|Issue 4 - April 1972|
|Who's Right To Work|
has only recently become recognised as a problem as it has been realised
that in an increasingly mechanised society, more people will have more
leisure time to fill. But how is it to be filled appropriately? Obviously
bingo, longer opening hours and TV do not provide adequate answers.
Clearly present society is not capable of filling the time available
to us; equally the supposed 'alternative solution' - the "freak" solution
- has far too often degenerated into the equally vicious and valueless
perpetual trip or high, getting absolutely nowhere on either the personal
or social level.
Boredom is not just a problem of the future, when "computers will take over the drudgery, and all men will have time to fulfil themselves". It is a problem now for the hundreds of thousands of unemployed, and for everyone else who does not know what to do with his or her much treasured hours of play away from work. As work is usually boring we want to fill our leisure time as well as possible.
In the north-east a crisis point is being reached. With the closure of the pits and the other centres of employment we are seeing an over-publicised but under-evaluated peak in unemployment. Unemployment on the present scale is not just, or even mainly, a political or economic matter, but a vitally personal crisis for the 1½ million people involved and their dependants - including over 9% of the male working population of the NE.
The sops that we are offered are both totally inadequate and misdirected. The aimlessness of a non-working life for people whose whole cultural (mostly subconscious) outlook has prepared them for no other personal role than as a worker has led to the slogan "The Right to Work".
Surely this slogan approaches the problem - admitted to be a problem - from the wrong direction! The right to work applies only to a now obsolescent lifestyle. As the strong community ties have broken down, the social life that was the mainstay of the old lifestyle has been worn away and the right to work has become irrelevant. We are deprived of the one thing we have always been told we are fit for - work.
Sociologists' attempts to provide entertainment are not good enough. It is a degradation of a human being to have his spare time, that circumstances have made his whole time, filled for him.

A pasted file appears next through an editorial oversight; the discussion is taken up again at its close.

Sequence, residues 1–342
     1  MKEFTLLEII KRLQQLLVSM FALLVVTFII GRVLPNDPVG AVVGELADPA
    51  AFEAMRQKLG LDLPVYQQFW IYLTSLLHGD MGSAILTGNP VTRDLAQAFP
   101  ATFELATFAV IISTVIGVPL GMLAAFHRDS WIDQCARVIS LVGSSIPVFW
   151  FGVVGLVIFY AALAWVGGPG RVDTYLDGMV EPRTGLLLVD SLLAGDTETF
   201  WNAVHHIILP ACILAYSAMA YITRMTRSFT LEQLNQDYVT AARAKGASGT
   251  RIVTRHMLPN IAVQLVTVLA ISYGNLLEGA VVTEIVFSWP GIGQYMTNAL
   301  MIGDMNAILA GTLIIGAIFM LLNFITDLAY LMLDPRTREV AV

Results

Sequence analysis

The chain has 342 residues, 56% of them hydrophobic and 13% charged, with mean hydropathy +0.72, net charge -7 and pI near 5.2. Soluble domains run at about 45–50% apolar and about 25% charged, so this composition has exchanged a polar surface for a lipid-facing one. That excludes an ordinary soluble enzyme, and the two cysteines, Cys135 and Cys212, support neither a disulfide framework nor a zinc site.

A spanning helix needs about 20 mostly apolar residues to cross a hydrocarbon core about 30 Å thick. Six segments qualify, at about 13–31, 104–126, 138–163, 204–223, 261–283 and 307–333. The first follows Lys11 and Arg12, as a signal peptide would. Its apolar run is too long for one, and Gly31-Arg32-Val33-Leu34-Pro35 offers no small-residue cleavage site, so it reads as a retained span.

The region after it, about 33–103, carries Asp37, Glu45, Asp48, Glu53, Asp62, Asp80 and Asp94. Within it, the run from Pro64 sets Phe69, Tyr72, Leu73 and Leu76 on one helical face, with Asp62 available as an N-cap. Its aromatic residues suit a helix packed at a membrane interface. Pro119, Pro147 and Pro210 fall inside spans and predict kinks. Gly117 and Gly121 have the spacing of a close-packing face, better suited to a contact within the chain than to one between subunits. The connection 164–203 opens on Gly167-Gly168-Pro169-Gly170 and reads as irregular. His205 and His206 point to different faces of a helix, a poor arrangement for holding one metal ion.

The answer lies at a more profound level: we must cease to regard the non-worker as a social freak, for he will become more and more common: we must begin to think of all men as potentially having the initiative to fulfil themselves. We must all be given the opportunity to be able to think for ourselves enough to fill our own time. In short, we must affirm not the right to work but the right to find an alternative.
The 'system' as it stands cannot allow us all this. The problem is universal: it is only more apparent in the areas of high unemployment and monotonous and unsatisfying layout conditions. Hairies and skins are equally examples of bored people in a bored society. But are the 87½% of the adult population watching TV every evening or the miners who were sent out chopping wood to fill their time while they were on strike (the secretary of one of the miners' lodges in Co Durham told me that this was a secondary reason for picketing) essentially any different?
We cannot be provided with entertainment. Education should provide an answer, but given the economic factors that subvert and control our every independent thought, the present rigid educational structure does not do so.
We must demand the right to work actively towards a true alternative - a genuine lifestyle, not a compromise - one of whose prime concerns must be a libertarian approach to teaching. The "Right to Work" where there is no work: education that has nothing to do with today's world, let alone tomorrow's: the stifling of the so-called liberties (see MG3 page 11) that should allow us to work out our own way of living in a screwed-up society: All these add up to an imperative need for active work towards an alternative that will make life liveable for us and the next generation, allowing us to evolve our own lifestyles for ourselves. Whose right to work?